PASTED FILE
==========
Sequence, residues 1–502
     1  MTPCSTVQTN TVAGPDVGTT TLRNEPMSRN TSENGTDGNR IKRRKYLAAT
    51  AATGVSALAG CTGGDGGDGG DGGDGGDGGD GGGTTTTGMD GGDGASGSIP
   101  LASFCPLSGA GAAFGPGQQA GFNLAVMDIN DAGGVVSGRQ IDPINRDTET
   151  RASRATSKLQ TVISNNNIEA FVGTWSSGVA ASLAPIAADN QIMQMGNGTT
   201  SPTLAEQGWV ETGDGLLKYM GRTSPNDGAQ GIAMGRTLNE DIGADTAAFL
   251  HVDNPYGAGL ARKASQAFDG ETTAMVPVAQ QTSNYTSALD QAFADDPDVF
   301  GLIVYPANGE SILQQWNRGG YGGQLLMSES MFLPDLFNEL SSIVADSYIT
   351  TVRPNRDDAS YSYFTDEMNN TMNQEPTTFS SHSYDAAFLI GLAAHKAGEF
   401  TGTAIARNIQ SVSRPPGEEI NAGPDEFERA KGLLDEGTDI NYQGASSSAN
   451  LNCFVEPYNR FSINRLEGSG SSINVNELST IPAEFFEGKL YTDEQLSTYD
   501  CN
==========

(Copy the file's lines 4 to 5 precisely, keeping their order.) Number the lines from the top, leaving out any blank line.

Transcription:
   101  LASFCPLSGA GAAFGPGQQA GFNLAVMDIN DAGGVVSGRQ IDPINRDTET
   151  RASRATSKLQ TVISNNNIEA FVGTWSSGVA ASLAPIAADN QIMQMGNGTT